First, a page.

Thursday, June 01, 2017

News - Nipping a Legal Problem in the Bud | Heartland Institute

News - Nipping a Legal Problem in the Bud | Heartland Institute:
"...One of my recent articles predicted that the Fish & Wildlife Service’s endangered species designation for the rusty patched bumblebee would lead to its being used to delay or block construction projects and pesticide use on hundreds of millions of acres of US farmland. 
The abuses have already begun.
Image result for rusty patched bumblebeeProjects in Minnesota and elsewhere have been delayed, while people tried to ascertain that no bees were actually nesting in the areas.
Now a federal district court judge has ruled that the Environmental Protection Agency failed to consult with the FWS before approving 59 products containing neonicotinoid pesticides that are used primarily as seed coatings for corn, canola, cotton, potato, sugar beet and other crops.
...If environmentalists succeed in getting these endangered designations – especially coupled with a narrow consultation process – they could delay, block or bankrupt power lines, bridges, highways, pipelines, housing developments, wastewater treatment plants, plowing operations and other projects all over the USA.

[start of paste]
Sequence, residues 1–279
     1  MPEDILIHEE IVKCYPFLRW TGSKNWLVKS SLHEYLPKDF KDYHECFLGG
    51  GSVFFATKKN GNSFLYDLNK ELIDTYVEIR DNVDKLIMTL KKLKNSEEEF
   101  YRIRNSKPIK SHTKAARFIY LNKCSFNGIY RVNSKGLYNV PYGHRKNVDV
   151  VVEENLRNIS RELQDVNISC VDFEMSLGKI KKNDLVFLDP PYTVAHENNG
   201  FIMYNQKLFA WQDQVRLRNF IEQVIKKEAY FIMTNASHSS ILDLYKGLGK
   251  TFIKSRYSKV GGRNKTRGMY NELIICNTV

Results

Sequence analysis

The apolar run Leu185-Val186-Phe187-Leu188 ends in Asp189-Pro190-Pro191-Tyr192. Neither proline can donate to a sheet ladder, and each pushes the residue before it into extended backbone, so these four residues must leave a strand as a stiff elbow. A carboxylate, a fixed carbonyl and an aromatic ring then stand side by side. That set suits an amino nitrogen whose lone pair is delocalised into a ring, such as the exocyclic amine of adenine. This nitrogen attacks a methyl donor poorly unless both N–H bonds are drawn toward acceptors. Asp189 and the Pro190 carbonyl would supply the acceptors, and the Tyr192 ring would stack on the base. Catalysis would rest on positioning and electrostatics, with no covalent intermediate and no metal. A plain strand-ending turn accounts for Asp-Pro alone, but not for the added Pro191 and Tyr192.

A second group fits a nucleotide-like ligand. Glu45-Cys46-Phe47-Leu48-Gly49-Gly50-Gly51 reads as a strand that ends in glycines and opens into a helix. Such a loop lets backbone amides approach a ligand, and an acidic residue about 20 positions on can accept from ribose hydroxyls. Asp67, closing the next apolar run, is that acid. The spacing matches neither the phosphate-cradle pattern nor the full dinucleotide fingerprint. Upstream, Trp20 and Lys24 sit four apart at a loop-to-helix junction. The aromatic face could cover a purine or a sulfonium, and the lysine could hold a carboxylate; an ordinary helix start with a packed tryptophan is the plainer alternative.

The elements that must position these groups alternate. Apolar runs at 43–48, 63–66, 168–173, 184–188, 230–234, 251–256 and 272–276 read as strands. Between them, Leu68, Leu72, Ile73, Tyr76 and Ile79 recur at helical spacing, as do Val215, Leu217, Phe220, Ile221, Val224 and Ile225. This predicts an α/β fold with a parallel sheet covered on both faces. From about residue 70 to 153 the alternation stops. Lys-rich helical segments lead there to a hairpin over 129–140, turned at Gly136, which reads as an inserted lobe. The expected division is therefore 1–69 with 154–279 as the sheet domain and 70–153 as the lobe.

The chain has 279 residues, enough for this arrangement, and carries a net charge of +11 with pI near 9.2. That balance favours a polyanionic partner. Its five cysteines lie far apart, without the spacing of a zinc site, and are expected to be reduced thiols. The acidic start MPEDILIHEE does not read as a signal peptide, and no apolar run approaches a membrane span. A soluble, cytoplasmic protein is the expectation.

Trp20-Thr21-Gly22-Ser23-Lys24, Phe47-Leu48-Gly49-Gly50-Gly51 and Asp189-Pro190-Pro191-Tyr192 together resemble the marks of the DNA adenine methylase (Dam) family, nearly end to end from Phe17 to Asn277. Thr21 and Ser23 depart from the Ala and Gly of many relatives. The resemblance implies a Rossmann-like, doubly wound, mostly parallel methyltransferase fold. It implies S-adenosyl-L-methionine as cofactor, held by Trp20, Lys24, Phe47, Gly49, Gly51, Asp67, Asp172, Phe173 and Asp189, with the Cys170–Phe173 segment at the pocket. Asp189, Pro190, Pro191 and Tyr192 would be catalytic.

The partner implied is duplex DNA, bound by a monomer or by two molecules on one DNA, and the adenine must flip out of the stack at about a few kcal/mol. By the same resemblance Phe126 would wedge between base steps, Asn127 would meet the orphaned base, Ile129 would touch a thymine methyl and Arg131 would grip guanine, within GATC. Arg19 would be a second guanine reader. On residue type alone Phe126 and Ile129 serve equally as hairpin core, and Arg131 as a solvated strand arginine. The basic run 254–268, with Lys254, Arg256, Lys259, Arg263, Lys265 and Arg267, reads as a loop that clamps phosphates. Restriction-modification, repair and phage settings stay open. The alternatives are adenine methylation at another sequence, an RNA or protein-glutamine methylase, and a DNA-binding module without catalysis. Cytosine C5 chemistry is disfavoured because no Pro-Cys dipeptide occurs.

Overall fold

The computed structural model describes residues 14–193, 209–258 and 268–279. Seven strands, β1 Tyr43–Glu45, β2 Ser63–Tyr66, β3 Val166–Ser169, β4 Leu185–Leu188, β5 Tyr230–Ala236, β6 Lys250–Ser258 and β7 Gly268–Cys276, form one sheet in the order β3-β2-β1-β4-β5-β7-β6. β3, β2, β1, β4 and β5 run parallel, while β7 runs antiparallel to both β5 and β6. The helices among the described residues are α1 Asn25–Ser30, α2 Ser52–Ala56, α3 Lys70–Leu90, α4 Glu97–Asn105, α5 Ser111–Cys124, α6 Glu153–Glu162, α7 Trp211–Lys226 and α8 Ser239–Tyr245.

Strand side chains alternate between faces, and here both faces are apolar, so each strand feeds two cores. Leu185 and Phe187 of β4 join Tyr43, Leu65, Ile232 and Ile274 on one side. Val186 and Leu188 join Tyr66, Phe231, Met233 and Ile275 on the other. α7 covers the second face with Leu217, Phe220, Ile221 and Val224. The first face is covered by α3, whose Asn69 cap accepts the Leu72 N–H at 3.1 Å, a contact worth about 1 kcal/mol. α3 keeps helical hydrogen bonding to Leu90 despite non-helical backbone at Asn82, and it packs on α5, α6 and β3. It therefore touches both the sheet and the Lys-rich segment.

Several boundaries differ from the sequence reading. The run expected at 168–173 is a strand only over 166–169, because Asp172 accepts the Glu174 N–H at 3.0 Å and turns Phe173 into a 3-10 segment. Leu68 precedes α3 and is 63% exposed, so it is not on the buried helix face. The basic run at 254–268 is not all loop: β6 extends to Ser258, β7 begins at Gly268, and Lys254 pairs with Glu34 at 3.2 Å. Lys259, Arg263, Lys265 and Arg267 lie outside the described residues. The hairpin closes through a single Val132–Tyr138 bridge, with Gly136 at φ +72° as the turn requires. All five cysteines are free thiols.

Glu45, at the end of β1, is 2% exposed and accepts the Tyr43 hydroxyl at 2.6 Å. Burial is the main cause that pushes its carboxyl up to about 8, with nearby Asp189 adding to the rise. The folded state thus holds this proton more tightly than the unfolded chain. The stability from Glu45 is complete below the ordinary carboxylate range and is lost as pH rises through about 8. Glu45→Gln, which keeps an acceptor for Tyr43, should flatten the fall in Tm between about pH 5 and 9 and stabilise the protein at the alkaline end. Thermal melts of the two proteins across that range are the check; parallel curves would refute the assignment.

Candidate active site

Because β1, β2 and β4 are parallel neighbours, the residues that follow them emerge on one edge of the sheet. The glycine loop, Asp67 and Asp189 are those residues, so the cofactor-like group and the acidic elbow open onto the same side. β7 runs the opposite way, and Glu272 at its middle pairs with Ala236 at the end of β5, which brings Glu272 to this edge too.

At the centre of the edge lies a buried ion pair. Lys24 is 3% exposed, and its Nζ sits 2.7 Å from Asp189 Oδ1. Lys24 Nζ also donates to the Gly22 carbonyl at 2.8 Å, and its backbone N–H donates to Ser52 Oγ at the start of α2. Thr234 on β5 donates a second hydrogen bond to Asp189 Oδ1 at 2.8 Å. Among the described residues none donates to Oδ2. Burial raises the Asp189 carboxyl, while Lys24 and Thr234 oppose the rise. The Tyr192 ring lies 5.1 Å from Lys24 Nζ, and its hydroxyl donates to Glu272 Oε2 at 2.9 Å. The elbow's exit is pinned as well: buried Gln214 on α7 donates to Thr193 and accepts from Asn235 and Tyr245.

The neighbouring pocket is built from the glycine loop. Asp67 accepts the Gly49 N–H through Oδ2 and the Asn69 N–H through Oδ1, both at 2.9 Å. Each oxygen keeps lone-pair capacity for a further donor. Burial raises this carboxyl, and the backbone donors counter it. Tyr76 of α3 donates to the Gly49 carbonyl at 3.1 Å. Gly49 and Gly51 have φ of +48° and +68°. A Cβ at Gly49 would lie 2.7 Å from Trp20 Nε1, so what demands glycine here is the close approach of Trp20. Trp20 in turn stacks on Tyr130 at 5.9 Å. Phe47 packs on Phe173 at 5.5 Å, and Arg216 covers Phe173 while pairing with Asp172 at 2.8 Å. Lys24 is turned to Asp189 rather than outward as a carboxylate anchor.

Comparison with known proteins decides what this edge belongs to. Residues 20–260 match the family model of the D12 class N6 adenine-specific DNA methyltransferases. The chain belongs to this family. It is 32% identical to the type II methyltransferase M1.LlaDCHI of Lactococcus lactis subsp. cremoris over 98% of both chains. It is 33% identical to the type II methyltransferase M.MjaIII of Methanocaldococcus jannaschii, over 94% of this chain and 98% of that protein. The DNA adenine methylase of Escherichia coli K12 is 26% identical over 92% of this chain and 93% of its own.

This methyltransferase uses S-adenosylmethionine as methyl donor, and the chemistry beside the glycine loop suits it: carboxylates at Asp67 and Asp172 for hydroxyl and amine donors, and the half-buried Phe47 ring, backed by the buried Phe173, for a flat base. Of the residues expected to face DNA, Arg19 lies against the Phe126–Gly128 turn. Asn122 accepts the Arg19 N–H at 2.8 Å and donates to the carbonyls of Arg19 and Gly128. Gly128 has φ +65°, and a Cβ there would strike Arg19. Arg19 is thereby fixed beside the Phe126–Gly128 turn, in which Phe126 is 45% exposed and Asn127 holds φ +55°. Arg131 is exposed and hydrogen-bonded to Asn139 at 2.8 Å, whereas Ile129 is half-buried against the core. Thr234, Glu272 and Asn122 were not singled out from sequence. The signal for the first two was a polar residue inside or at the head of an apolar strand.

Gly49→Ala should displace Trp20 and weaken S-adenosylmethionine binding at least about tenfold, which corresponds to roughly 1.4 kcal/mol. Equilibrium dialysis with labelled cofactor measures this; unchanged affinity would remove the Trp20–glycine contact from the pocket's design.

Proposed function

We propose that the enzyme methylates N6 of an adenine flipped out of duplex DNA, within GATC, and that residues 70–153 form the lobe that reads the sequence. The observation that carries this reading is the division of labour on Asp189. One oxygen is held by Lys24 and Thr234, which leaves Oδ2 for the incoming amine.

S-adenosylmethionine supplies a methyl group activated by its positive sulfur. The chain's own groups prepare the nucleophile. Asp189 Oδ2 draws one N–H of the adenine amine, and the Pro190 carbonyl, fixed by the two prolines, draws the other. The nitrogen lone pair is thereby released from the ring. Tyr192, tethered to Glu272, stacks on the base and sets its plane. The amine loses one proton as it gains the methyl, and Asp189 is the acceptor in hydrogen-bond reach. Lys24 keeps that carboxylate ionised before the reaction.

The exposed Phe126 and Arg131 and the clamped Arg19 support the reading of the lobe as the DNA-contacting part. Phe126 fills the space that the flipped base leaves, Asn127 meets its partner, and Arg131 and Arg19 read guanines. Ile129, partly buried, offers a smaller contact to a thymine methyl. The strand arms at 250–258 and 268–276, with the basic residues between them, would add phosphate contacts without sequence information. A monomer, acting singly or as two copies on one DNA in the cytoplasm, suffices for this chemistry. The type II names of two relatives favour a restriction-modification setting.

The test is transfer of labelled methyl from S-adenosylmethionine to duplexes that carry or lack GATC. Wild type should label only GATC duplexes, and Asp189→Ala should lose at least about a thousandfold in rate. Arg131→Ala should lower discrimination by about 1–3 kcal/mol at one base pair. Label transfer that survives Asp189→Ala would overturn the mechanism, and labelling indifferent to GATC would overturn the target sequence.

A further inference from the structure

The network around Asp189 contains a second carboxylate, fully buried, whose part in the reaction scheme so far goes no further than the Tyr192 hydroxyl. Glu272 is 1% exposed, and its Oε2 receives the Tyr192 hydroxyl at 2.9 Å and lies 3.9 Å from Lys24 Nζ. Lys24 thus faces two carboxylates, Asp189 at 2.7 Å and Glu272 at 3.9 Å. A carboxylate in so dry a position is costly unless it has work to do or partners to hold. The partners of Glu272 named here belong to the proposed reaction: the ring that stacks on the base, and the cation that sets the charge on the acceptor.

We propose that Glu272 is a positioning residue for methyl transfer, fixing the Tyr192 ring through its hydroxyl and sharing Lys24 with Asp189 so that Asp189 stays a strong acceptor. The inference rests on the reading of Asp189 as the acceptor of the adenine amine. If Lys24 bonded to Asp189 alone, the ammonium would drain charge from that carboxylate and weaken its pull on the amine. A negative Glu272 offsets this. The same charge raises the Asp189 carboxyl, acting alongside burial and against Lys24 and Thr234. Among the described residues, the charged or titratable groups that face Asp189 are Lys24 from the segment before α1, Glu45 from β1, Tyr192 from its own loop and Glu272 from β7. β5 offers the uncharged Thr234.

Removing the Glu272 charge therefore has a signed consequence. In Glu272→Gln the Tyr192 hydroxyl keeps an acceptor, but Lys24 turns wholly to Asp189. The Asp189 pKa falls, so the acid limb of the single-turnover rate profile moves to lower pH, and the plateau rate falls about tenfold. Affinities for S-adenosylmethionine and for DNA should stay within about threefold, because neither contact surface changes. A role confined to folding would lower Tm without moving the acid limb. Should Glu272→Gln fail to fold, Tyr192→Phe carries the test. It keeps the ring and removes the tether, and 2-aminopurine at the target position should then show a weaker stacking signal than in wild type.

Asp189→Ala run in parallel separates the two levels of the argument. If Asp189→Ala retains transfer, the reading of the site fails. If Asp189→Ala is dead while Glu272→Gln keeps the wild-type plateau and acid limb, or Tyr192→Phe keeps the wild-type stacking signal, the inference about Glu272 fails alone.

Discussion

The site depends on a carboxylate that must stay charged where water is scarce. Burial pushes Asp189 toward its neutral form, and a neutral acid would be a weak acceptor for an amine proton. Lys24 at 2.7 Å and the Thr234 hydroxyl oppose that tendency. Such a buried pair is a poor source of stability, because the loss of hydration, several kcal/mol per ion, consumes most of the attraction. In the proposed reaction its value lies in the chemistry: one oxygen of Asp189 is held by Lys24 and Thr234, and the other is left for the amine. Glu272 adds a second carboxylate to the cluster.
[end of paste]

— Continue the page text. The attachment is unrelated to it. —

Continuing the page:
Non-organic farming, neonic-treated seeds, and other pesticide use could be particularly vulnerable.
The actual environmental benefits would be minimal – or profoundly negative, as farmers are forced to use other insecticides or switch to land-intensive organic methods. 
Additional ironies abound..."
Read on!

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